Influence of Mechanical Unloading on Articular Chondrocyte Dedifferentiation.

Wüest, Simon; Calió, Martina; Wernas, Timon; Tanner, Samuel; Giger-Lange, Christina; Wyss, Fabienne; Ille, Fabian; Gantenbein, Benjamin; Egli, Marcel (2018). Influence of Mechanical Unloading on Articular Chondrocyte Dedifferentiation. International journal of molecular sciences, 19(5) Molecular Diversity Preservation International MDPI 10.3390/ijms19051289

Wuest 2018 #2.pdf - Published Version
Available under License Creative Commons: Attribution (CC-BY).

Download (10MB) | Preview

Due to the limited self-repair capacity of articular cartilage, the surgical restoration of defective cartilage remains a major clinical challenge. The cell-based approach, which is known as autologous chondrocyte transplantation (ACT), has limited success, presumably because the chondrocytes acquire a fibroblast-like phenotype in monolayer culture. This unwanted dedifferentiation process is typically addressed by using three-dimensional scaffolds, pellet culture, and/or the application of exogenous factors. Alternative mechanical unloading approaches are suggested to be beneficial in preserving the chondrocyte phenotype. In this study, we examined if the random positioning machine (RPM) could be used to expand chondrocytes in vitro such that they maintain their phenotype. Bovine chondrocytes were exposed to (a) eight days in static monolayer culture; (b) two days in static monolayer culture, followed by six days of RPM exposure; and, (c) eight days of RPM exposure. Furthermore, the experiment was also conducted with the application of 20 mM gadolinium, which is a nonspecific ion-channel blocker. The results revealed that the chondrocyte phenotype is preserved when chondrocytes go into suspension and aggregate to cell clusters. Exposure to RPM rotation alone does not preserve the chondrocyte phenotype. Interestingly, the gene expression (mRNA) of the mechanosensitive ion channel decreased with progressing dedifferentiation. In contrast, the gene expression (mRNA) of the mechanosensitive ion channel was reduced around fivefold to 10-fold in all of the conditions. The application of gadolinium had only a minor influence on the results. This and previous studies suggest that the chondrocyte phenotype is preserved if cells maintain a round morphology and that the ion channel could play a key role in the dedifferentiation process.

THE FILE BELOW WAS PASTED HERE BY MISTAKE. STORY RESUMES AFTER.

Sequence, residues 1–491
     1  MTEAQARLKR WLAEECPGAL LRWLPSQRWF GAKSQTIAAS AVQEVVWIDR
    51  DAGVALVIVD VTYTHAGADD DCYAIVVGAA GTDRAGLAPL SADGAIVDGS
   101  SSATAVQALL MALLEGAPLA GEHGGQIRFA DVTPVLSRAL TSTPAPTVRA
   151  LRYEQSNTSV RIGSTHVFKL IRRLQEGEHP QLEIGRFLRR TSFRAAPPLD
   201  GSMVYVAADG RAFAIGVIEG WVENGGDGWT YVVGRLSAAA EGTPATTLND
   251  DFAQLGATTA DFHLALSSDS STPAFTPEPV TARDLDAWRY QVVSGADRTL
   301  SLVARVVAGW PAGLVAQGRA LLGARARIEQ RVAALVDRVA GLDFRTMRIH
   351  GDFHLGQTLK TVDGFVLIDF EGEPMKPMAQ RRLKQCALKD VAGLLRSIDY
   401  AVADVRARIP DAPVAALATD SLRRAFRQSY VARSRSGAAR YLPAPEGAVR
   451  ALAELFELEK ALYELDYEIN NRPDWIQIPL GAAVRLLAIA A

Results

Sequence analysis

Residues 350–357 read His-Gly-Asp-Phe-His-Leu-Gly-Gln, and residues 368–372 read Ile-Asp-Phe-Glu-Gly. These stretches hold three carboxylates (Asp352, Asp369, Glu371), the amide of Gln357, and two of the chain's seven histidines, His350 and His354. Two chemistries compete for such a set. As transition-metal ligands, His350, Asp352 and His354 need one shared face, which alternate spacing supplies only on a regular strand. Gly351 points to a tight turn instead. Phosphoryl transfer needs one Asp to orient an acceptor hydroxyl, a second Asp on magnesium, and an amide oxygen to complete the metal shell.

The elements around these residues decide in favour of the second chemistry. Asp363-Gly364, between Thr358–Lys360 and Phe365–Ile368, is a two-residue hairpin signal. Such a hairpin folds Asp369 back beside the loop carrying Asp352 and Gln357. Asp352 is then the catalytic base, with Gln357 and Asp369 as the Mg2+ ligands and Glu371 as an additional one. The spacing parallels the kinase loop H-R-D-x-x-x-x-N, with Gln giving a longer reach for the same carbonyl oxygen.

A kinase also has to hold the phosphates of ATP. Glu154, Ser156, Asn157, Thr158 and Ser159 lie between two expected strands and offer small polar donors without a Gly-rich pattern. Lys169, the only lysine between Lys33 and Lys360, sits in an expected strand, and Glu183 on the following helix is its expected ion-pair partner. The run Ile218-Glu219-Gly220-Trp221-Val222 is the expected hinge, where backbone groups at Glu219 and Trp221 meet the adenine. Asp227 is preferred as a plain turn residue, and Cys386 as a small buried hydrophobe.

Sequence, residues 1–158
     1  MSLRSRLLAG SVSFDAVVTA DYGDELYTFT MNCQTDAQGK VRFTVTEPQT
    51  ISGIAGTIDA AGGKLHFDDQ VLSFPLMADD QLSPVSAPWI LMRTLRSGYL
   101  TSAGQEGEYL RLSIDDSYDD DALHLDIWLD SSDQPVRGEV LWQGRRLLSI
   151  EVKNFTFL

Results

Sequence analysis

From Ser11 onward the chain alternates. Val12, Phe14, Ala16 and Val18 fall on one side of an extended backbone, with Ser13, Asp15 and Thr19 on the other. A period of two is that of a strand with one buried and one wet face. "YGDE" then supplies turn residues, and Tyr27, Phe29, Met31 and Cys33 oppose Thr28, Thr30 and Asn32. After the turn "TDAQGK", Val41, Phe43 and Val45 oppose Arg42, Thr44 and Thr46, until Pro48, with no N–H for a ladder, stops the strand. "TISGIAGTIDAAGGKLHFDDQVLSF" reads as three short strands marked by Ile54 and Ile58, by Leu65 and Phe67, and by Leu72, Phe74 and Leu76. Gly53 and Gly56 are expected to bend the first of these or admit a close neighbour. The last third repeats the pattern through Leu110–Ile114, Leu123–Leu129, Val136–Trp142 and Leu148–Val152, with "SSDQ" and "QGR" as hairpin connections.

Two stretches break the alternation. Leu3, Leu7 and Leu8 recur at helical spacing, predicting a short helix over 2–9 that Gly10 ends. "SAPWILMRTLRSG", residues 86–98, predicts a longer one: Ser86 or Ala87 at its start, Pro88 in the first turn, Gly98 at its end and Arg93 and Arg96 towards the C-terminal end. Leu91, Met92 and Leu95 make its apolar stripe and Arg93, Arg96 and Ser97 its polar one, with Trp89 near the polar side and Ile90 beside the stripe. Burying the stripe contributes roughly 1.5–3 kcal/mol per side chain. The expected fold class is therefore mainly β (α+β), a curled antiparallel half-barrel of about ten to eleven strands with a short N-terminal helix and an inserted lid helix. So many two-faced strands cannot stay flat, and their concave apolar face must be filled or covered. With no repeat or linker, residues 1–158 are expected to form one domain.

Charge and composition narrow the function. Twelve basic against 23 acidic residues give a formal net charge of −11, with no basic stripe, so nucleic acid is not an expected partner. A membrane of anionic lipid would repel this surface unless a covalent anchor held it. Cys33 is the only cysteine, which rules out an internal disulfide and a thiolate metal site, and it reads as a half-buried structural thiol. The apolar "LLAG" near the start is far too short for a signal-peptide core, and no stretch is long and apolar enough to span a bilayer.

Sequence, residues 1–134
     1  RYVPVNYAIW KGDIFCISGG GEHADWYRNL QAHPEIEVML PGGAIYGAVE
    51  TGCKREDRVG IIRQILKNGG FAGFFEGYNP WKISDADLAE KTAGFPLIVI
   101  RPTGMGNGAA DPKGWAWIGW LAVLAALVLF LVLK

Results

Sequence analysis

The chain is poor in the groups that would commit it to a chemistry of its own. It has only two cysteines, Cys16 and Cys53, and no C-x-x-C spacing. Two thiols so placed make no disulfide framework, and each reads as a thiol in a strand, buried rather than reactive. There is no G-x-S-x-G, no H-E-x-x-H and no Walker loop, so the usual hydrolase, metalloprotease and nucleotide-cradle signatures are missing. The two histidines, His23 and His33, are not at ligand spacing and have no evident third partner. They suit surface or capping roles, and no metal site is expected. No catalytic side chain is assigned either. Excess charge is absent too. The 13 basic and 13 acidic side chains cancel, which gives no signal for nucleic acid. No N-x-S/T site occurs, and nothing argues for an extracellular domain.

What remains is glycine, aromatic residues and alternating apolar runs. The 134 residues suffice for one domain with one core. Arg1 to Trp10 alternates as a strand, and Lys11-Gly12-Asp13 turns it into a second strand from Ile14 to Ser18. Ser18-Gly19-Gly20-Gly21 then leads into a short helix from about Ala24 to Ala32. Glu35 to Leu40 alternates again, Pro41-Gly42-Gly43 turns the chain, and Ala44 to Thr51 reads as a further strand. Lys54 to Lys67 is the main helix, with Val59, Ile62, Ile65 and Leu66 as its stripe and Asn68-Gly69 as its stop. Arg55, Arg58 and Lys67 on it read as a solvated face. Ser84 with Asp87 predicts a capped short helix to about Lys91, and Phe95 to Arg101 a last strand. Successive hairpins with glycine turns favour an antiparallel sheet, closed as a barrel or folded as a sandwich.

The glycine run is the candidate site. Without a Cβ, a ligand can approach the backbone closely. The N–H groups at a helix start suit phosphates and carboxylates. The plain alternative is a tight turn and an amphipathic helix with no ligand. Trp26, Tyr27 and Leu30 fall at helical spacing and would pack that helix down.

Item Type:

Journal Article (Original Article)


04 Faculty of Medicine > Pre-clinic Human Medicine > Institute for Surgical Technology & Biomechanics ISTB [discontinued]

Graduate School:

Graduate School for Cellular and Biomedical Sciences (GCB)

UniBE Contributor:

Wüest, Simon, Calió, Martina, Gantenbein, Benjamin


500 Science > 570 Life sciences; biology
600 Technology > 610 Medicine & health




Molecular Diversity Preservation International MDPI




Benjamin Gantenbein

Date Deposited:

30 Apr 2018 12:42

Last Modified:

05 Dec 2022 15:13

Publisher DOI:


PubMed ID:


Uncontrolled Keywords:

TRPC1 TRPV4 articular chondrocytes bovine primary cells dedifferentiation mechanosensitive ion channel qPCR random positioning machine (RPM) simulated microgravity




Actions (login required)

Edit item Edit item
Provide Feedback